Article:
However, sometimes the training data and test data differ in subtle ways because, for example, they are collected using slightly different methods, or because it is cheaper to collect data in one way versus another. In this case, there can be a mismatch between the training and test data. This can lead to the neural network overfitting these small differences between the test and training sets, and a poor performance on the test set despite having a good performance on the validation set. To rectify this, Andrew Ng suggests making two validation or dev sets, one constructed from the training data and one constructed from the test data. The difference between the performance of the algorithm on these two validation sets quantifies the train-test mismatch. This can serve as another important diagnostic when using DNNs for supervised learning.

## Limitations of supervised learning with deep networks

Like all statistical methods, supervised learning using neural networks has important limitations. This is especially important when one seeks to apply these methods, especially to physics problems. Like all tools, DNNs are not a universal solution. Often, the same or better performance on a task can be achieved by using a few hand-engineered features (or even a collection of random features).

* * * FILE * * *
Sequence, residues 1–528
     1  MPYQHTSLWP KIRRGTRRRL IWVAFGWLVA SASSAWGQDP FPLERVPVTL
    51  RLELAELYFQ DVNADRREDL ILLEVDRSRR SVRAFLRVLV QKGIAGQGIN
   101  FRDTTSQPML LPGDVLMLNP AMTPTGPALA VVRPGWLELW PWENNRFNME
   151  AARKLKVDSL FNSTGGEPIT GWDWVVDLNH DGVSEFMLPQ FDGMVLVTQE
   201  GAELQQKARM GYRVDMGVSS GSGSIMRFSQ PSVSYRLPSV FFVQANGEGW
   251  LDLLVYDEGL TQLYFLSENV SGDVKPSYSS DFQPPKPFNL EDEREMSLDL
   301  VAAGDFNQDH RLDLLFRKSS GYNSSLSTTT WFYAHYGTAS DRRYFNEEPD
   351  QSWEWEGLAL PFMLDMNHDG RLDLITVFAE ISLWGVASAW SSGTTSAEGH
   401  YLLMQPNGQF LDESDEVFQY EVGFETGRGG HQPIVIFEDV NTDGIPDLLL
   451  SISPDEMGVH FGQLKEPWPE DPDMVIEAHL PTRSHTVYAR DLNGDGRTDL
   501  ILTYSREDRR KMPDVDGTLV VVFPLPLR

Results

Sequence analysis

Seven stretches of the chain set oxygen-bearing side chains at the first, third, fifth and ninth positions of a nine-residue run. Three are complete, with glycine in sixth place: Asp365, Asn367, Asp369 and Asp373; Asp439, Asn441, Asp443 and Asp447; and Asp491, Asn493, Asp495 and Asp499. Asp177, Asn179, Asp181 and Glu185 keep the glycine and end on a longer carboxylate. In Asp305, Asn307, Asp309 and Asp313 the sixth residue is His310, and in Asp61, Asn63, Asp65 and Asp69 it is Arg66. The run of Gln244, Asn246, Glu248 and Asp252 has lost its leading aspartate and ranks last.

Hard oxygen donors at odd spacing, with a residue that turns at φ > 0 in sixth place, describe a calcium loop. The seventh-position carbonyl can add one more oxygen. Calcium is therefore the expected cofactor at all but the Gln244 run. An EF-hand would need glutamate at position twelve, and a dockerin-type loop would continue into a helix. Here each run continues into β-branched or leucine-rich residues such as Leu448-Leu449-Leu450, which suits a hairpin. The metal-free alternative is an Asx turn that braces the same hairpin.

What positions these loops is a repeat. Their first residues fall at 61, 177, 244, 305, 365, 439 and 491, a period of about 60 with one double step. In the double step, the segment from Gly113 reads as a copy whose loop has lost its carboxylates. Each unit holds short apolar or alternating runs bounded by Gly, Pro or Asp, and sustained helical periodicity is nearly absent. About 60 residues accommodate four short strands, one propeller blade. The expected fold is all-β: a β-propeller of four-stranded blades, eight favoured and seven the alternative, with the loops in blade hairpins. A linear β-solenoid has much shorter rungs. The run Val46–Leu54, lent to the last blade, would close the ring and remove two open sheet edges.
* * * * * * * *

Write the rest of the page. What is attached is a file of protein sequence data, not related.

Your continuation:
Here we list some of the important limitations of supervised neural network based models.

• Need labeled data. All supervised learning methods, DNNs for supervised learning require labeled data. Often, labeled data is harder to acquire than unlabeled data (e.g. one must pay for human experts to label images).
• Supervised neural networks are extremely data intensive. DNNs are data hungry. They perform best when data is plentiful. This is doubly so for supervised methods where the data must also be labeled. The utility of DNNs is extremely limited if data is hard to acquire or the datasets are small (hundreds to a few thousand samples). In this case, the performance of other methods that utilize hand-engineered features can exceed that of DNNs.